An Increase in Association of Objects in the Outer World
The second change is an increase in association of objects in the outer world. He’s talking about what he sees outside. It’s close to the first change but relates to colors. He’s talking about how he notices colors start to have meaning and that they’re attached to all kinds of associations, so it’s a lot like the gulls. He sees women walking by the window wearing green and gets paniced because green means go and where he’s going to go is to hell. He knows that this has meaning, that they’re walking by, so he works with it and talks himself down. He says, “But wait. Green is the color of Spring and it’s also my wife’s favorite color, so green is okay unless it’s with red, which is the color of the devil.” You get the gist. It just spins like that.
A Breach in the Barriers of Individuality
The third change is breach in barriers of individuality. Here he quotes Walt Whitman, who said, “And I know that the hand of God is the promise of my own, and I know that the spirit of God is the brother of my own, and that all the men ever born are also my brothers, and all the women my sisters and lovers, and that a kelson of the creation is love.” The kelson — I had to look it up — is the central structure of a ship, the base of a ship, so that “kelson of the creation is love.” He’s talking about how people he normally would despise become attractive to him, and he wants to be their friend and help them.
Inhibition of the Sense of Repulsion
He goes on to say that beyond the interpersonal, he starts to like dirt, which in the other state of mind he says that he washes his hands like Lady Macbeth, so it’s a really big tradThen he even starts to have a fascination with excrement, and notes that on the ward it’s a common conversation that there’s a belief that getting rid of that is getting rid of all kinds of negative influences from the devil on down to the mean nurse and her mood. So the inhibition of what usually is repulsive is this next mental change.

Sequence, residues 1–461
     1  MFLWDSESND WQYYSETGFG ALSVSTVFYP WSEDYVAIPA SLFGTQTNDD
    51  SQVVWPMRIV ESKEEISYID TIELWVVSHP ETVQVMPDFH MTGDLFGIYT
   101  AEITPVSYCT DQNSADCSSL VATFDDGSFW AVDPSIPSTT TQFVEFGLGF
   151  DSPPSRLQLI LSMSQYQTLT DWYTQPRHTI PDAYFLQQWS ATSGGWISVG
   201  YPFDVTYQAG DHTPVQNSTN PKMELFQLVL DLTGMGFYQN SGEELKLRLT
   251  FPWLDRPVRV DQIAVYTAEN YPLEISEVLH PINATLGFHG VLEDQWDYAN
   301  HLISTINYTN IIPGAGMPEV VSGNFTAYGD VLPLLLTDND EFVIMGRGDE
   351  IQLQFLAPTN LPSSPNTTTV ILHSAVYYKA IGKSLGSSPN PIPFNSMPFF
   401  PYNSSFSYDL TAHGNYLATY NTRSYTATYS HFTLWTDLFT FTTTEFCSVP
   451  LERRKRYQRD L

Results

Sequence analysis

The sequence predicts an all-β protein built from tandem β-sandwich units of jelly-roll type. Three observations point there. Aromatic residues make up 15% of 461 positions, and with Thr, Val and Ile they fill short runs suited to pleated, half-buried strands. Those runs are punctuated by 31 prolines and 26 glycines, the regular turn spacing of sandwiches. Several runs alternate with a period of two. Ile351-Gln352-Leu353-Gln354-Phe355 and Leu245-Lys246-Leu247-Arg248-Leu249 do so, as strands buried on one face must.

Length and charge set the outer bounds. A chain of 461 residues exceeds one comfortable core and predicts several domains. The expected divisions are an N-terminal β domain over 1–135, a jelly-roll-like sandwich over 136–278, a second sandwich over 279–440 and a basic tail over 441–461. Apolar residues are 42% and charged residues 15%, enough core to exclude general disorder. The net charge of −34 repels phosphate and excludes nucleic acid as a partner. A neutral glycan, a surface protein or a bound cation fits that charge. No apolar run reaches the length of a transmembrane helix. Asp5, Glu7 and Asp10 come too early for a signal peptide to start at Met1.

The Release of Moral Tension
The he goes on to talk about, “Our release of moral tension, especially in the sexual sphere” and says specifically what used to be sinful is now exalted, and therefore he went on a terror and gave all his money to prostitutes. He gave it because they were exalted now.
He said that prostitutes got to know him and they figured out that all they had to say is that they wanted to live a more pure life. It went so far as to run out of money. The banks all shut him down, and then he went to some church and was like, “Come on, I’m doing the work of the lord.” Then they arrested him, and he got really mad that they wouldn’t help him.
In the section about the release of moral tension, especially in the sexual sphere, he had what he calls his only pure hallucination. Ed Podvoll references it kind of incompletely, actually, compared to what Custance writes. And I am now going to totally shrink it down to nothing, but he wakes up in the middle of the night. He’s feeling peaceful and calm, and what comes to him in the middle of the air is an image of the great male and female organs of love. They hung there in midair. He writes, “They seemed infinitely far away from me and infinitely near at the same time” and he sees them pulsing and spinning. He knows that they represent the power of love defeating the power of hate, and that vision left him feeling forgiven and at peace. That feeling stayed with him.
Delusions of Grandeur and Power
The sixth change is delusions of grandeur and power. This is what Custance says. “I feel so close to God, so inspired by His spirit, that in a sense I am God. I see the future. I plan the universe. I save mankind. I am utterly and completely immortal. I am even male and female. The whole universe, animate and inanimate, past, present, and future is within me.” I really can’t think of any more grandiose and powerful statement than that. I mean, it pretty well sums it up. I was like, “You go, man. That’s awesome.” If that’s what you’re experiencing, come on. Where else do you want to live?
Finally, the seventh thing Custance says is a sense of ineffable revelation that all truth, all secrets of the universe, are revealed. That kind of covers chapters one and two, which are about mania.